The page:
Knowledge  

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 +[[Image:Theatre from Ars Memoriae by Robert Fludd.jpg|thumb|left|200px|''[[Ars Memoriae]]'': The [[Theatre]] ([[1619]]) - [[Robert Fludd]]
 +<br>
 +“In the [[illusion|illusory]] [[babel]]s of language, an [[artist]] might [[avant-garde|advance]] specifically to get [[lost]], and to [[drugs|intoxicate]] himself in dizzying syntaxes, seeking odd [[intersection]]s of [[meaning]], [[strange]] corridors of history, [[unexpected]] echoes, [[unknown]] humors, or [[void]]s of [[knowledge…]] but this quest is [[risky]], full of bottomless [[fiction]]s and endless architectures and [[counter]]-architectures… at the end, if there is an end, are perhaps only [[meaningless]] reverberations.” --[[Robert Smithson]]]]
 +{| class="toccolours" style="float: left; margin-left: 1em; margin-right: 2em; font-size: 85%; background:#c6dbf7; color:black; width:30em; max-width: 40%;" cellspacing="5"
 +| style="text-align: left;" |
 +"There is much pleasure to be gained from [[useless knowledge]]" -- [[Bertrand Russell]]
 +<hr>
 +"[[At least I will learn this melody before I die]]" --Emil Cioran
 +<hr>
 +"Because as [[wisdom]] grows, [[anger]] grows, and one who adds [[knowledge]], adds [[pain]]" --''[[Ecclesiastes]]''
 +<hr>
 +[[I know that I know nothing]] --Socrates
 +|}
 +[[Image:The Bookworm by Carl Spitzweg.jpg|thumb|200px|This page '''{{PAGENAME}}''' is part of the ''[[science]]'' series.<br> <small>Illustration: ''[[The Bookworm]]'' (c. 1850) by [[Carl Spitzweg]]</small>]]
 +[[Image:A Young Girl Reading.jpg|thumb|right|200px|''[[A Young Girl Reading]]'' (c.[[1776]]) by [[Jean-Honoré Fragonard |Fragonard]]]]
 +[[Image:The Heart Has Its Reasons by Odilon Redon.jpg |thumb|right|200px|''[[The heart has its reasons, of which reason knows nothing]]'' (c.[[1887]]) by [[Odilon Redon]], a phrase from the ''[[Pensées]]'' ([[1669]]) by [[Blaise Pascal]]]]
 +
{{Template}} {{Template}}
-# Relevant [[information]] that one is able to recall from [[memory]].+ 
-# The product of assumption.+'''Knowledge''' is defined ([[Oxford English Dictionary]]) variously as (i) expertise, and skills acquired by a person through [[experience]] or [[education]]; the theoretical or practical understanding of a subject, (ii) what is known in a particular field or in total; facts and information or (iii) awareness or familiarity gained by experience of a fact or situation. Philosophical debates in general start with Plato's formulation of knowledge as "justified true belief". There is however no single agreed definition of knowledge presently, nor any prospect of one, and there remain numerous competing theories.
-# Recognition of cause and effect (which is NOT [[wisdom]]).+ 
-# Knowledge comprises all [[cognitive]] expectances that an individual or organisation actor uses to interpret situations and to generate activities.+Knowledge acquisition involves complex [[Cognition|cognitive]] processes: perception, learning, communication, association and [[reasoning]]. The term ''knowledge'' is also used to mean the confident [[understanding]] of a subject with the ability to use it for a specific purpose if appropriate.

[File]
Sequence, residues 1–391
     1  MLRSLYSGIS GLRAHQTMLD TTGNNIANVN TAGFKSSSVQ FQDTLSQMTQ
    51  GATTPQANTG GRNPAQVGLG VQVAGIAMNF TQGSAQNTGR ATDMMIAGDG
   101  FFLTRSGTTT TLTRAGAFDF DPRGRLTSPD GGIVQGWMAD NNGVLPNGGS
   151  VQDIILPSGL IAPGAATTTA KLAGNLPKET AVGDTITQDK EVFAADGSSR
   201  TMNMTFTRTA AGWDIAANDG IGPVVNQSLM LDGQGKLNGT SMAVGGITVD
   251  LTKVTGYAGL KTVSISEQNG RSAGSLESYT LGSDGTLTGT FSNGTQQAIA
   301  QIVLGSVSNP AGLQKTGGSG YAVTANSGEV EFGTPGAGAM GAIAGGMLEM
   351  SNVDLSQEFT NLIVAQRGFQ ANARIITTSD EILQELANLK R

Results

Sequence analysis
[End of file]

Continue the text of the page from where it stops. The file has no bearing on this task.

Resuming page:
-# [[awareness|Awareness]].+==Theories of knowledge==
-#:''He completed it entirely without my '''knowledge'''.''+ 
-# Acquired information gained through personal experiences making it unique for each individual.+:The eventual demarcation of philosophy from science was made possible by the notion that philosophy's core was "theory of knowledge," a theory distinct from the sciences because it was their ''foundation''… Without this idea of a "theory of knowledge," it is hard to imagine what "philosophy" could have been in the age of modern science. --[[Richard Rorty]], ''[[Philosophy and the Mirror of Nature]]''
 + 
 +The definition of knowledge is a matter of ongoing [[debate]] among [[philosopher]]s in the field of [[epistemology]]. The classical definition, described but not ultimately endorsed by [[Plato]], specifies that a [[statement (logic)|statement]] must meet three [[criteria]] in order to be considered knowledge: it must be [[theory of justification|justified]], [[truth|true]], and [[belief|believed]]. Some claim that these conditions are not sufficient, as [[Gettier case]] examples allegedly demonstrate.
 + 
 +In contrast to this approach, [[Ludwig Wittgenstein|Wittgenstein]] observed, following [[Moore's paradox]], that one can say "He believes it, but it isn't so," but not "He knows it, but it isn't so." (''[[On Certainty]]'', remark 42) He goes on to argue that these do not correspond to distinct mental states, but rather to distinct ways of talking about conviction. What is different here is not the mental state of the speaker, but the activity in which they are engaged. For example, on this account, to ''know'' that the kettle is boiling is not to be in a particular state of mind, but to perform a particular task with the statement that the kettle is boiling. Wittgenstein sought to bypass the difficulty of definition by looking to the way "knowledge" is used in natural languages. He saw knowledge as a case of a [[family resemblance]]. Following this idea, "knowledge" has been reconstructed as a cluster concept that points out relevant features but that is not adequately captured by any definition.
 + 
 +== See also ==
 +*[[At least I will learn this melody before I die]], Socrates